IF YOU ENJOYED the 2012 debut of Dragon's Dogma, you'll love Dragon's Dogma: Dark Arisen. It feels like an old-school PC roleplaying game expansion pack: full of new monsters, new quests, and new areas to explore, but with little in the way of novel ideas. Dark Arisen is very much "more of the same," but if that's what you're looking for, you'll be hard pressed to dislike what Dark Arisen adds to the title.
Adds? Like, "in addition to?" Absolutely. Dark Arisen is such a large accession that Capcom opted to forego standard downloadable-content release practices and has instead combined Dark Arisen and the original Dragon's Dogma into a single, $40 release. Given the scope of the original game, this means your $40 is going a long, long way—it's not quite as lengthy as Skyrim, but even a cursory trip through the story will occupy 50 hours. Double that if you plan to explore a bit.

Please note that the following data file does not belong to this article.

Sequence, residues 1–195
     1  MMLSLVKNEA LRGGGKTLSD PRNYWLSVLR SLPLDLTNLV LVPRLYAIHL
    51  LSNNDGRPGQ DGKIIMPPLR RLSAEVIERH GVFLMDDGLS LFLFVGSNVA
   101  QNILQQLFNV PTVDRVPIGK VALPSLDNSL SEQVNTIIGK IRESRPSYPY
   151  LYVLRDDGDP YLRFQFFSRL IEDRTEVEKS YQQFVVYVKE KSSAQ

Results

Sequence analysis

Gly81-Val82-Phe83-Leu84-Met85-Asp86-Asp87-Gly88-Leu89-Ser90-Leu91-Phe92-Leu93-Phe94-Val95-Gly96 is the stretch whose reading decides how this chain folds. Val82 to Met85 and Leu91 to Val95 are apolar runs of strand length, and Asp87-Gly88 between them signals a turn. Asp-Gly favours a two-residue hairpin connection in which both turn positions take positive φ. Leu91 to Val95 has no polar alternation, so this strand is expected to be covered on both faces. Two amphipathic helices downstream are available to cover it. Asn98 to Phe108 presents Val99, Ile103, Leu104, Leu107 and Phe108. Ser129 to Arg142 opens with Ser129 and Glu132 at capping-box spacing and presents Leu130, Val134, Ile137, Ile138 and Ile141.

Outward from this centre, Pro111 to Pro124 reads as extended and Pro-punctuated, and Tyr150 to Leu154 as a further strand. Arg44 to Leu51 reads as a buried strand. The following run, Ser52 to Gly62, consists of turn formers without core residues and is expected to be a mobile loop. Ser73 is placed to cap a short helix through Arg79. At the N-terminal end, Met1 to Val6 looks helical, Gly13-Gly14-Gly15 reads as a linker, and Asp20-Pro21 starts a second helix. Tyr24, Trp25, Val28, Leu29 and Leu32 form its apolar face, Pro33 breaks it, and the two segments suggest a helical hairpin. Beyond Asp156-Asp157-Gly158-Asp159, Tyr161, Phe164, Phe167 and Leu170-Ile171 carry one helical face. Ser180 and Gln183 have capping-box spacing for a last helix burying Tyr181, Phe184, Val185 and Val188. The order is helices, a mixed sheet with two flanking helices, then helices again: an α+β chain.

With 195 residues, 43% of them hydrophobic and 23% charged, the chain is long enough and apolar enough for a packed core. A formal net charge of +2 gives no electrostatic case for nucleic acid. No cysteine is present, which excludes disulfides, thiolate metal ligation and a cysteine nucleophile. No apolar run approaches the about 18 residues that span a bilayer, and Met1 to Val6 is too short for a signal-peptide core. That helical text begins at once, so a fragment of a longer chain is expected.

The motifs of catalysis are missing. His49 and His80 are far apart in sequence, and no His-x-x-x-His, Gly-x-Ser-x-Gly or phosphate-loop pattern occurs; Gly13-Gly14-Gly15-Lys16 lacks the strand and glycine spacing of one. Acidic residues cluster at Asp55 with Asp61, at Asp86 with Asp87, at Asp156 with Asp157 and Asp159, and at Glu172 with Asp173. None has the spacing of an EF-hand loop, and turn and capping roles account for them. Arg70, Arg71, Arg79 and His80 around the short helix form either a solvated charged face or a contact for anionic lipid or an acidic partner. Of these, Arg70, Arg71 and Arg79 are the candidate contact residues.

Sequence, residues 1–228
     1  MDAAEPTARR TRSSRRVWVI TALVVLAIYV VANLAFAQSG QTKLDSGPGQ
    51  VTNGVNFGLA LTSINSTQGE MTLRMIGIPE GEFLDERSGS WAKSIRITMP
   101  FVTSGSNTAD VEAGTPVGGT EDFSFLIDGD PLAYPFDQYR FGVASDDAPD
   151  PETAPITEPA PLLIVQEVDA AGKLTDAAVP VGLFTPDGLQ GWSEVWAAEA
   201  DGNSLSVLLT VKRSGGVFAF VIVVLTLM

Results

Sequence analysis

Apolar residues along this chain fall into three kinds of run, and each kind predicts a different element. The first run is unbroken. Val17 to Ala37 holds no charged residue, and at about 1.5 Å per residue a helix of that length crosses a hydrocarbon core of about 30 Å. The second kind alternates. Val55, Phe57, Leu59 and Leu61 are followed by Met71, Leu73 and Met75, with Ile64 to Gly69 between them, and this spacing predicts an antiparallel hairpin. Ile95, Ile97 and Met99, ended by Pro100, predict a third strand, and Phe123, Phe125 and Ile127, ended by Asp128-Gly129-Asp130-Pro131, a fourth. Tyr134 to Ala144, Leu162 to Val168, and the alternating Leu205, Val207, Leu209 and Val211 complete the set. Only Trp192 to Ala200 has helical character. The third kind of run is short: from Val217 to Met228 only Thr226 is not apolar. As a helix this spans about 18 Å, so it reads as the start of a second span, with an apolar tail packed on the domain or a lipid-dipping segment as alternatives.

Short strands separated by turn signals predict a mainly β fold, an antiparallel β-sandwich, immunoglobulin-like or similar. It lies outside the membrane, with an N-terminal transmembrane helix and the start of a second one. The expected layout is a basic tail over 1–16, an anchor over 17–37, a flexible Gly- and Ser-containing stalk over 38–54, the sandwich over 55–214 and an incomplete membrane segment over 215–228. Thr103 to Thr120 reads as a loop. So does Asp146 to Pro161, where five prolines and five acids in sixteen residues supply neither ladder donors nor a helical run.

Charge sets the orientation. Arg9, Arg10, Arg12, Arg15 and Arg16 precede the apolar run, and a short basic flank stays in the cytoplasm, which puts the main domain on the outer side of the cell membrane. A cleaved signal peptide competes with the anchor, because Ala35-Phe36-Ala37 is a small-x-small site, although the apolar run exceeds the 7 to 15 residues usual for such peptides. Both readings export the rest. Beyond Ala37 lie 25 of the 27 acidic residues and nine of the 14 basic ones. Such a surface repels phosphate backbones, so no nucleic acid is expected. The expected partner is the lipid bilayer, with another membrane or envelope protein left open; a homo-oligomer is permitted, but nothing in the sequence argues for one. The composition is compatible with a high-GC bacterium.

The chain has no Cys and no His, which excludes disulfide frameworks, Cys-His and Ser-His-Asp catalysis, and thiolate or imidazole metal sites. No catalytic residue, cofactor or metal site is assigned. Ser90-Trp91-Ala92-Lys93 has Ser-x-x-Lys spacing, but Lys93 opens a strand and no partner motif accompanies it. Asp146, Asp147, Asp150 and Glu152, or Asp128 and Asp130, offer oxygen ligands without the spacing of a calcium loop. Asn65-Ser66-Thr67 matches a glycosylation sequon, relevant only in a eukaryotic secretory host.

If you're new to Dragon's Dogma, all you need to know is that it's a typical fantasy roleplaying adventure, set in Gransys, a land equally inspired by Tolkien and Japanese design tropes. The key to combat, however, lies in training "pawns"—computer-controlled characters that make up your party and represent a surprisingly competent analog for a group of friends gathered around a table, playing Dungeons & Dragons.
If I must slam Dark Arisen for anything, it's that the vast majority of its content is underground. Given the setting, it's quite pretty, not to mention surprisingly diverse—but one of the main draws of the original was exploring the vast plains of Gransys. Still, since Dragon's Dogma is included in the package, I can't fault Dark Arisen too much. It's a huge fantasy game for devoted gamers—and should be an immediate purchase for anyone who gets off on slaying giant monsters.